Table_1_Construction and Validation of a Novel Immunosignature for Overall Survival in Uveal Melanoma.xlsx (298.42 kB)

Table_1_Construction and Validation of a Novel Immunosignature for Overall Survival in Uveal Melanoma.xlsx

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posted on 2021-09-06, 04:39 authored by Chufeng Gu, Xin Gu, Yujie Wang, Zhixian Yao, Chuandi Zhou

Uveal melanoma (UM) is the most common primary intraocular malignancy in adults, and immune infiltration plays a crucial role in the prognosis of UM. This study aimed to generate an immunological marker-based predictive signature for the overall survival (OS) of UM patients.


Single-sample gene-set enrichment analysis (ssGSEA) was used to profile immune cell infiltration in 79 patients with UM from The Cancer Genome Atlas (TCGA) database. Univariate and multivariate least absolute shrinkage and selection operator (LASSO) Cox regressions were used to determine the prognostic factors for UM and construct the predictive immunosignature. Receiver operating characteristic (ROC) curves, decision curve analysis (DCA), and calibration curves were performed to evaluate the clinical ability and accuracy of the model. In addition, the predictive accuracy was compared between the immunosignature and the Tumor, Node, Metastasis (TNM) staging system of American Joint Committee on Cancer (AJCC). We further analyzed the differences in clinical characteristics, immune infiltrates, immune checkpoints, and therapy sensitivity between high- and low-risk groups characterized by the prognostic model.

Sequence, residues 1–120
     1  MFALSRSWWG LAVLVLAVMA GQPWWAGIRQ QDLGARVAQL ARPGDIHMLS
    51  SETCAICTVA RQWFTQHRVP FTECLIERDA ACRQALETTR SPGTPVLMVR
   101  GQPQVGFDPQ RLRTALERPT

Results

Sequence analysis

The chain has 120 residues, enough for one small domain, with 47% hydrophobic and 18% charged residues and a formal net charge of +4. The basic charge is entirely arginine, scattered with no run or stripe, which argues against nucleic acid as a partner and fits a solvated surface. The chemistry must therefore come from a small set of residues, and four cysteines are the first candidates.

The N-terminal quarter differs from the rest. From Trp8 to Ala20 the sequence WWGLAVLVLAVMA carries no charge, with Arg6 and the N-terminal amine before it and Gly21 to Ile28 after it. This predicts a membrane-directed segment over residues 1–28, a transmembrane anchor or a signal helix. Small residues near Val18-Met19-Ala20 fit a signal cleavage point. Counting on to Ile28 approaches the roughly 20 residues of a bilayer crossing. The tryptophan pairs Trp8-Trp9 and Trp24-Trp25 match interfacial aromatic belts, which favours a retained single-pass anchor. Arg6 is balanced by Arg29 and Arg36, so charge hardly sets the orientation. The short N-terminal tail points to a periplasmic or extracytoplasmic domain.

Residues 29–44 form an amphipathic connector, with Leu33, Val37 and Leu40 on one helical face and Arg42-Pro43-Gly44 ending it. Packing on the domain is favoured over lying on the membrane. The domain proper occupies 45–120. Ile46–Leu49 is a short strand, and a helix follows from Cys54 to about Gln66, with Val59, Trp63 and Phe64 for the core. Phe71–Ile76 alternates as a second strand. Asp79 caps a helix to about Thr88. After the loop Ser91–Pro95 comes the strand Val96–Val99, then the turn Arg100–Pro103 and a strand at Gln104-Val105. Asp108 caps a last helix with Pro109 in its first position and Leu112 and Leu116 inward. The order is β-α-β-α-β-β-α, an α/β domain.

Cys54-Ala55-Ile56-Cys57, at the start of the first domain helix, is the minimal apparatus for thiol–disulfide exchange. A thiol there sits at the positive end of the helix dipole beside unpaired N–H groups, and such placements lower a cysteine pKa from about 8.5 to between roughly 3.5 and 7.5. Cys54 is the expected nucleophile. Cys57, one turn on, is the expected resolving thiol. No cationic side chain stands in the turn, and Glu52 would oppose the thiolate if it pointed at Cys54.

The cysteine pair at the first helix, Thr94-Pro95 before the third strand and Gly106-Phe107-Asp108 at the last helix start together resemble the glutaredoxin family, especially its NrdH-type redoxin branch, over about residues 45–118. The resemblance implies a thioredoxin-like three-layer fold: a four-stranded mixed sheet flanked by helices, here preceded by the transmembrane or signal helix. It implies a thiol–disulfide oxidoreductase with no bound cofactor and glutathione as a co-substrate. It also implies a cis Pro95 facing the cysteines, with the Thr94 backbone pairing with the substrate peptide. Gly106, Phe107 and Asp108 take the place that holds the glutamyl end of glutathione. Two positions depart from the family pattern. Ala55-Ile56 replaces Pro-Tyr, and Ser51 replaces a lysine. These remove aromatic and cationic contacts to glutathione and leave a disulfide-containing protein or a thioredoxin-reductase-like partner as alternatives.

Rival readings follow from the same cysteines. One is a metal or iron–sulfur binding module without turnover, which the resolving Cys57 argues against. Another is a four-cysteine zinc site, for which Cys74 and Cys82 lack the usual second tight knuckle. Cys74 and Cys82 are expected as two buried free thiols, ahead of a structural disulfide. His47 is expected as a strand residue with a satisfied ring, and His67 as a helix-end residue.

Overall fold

Higher levels of immune cell infiltration in UM were related to a lower survival rate. Matrix metallopeptidase 12 (MMP12), TCDD inducible poly (ADP-ribose) polymerase (TIPARP), and leucine rich repeat neuronal 3 (LRRN3) were identified as prognostic signatures, and an immunological marker-based prognostic signature was constructed with good clinical ability and accuracy. The immunosignature was developed with a concordance index (C-index) of 0.881, which is significantly better than that of the TNM staging system (p < 0.001). We further identified 1,762 genes with upregulated expression and 798 genes with downregulated expression in the high-risk group, and the differences between the high- and low-risk groups were mainly in immune-related processes. In addition, the expression of most of the immune checkpoint-relevant and immune activity-relevant genes was significantly higher in the high-risk group, which was more sensitive to therapy.


We developed a novel immunosignature constructed by MMP12, TIPARP, and LRRN3 that could effectively predict the OS of UM.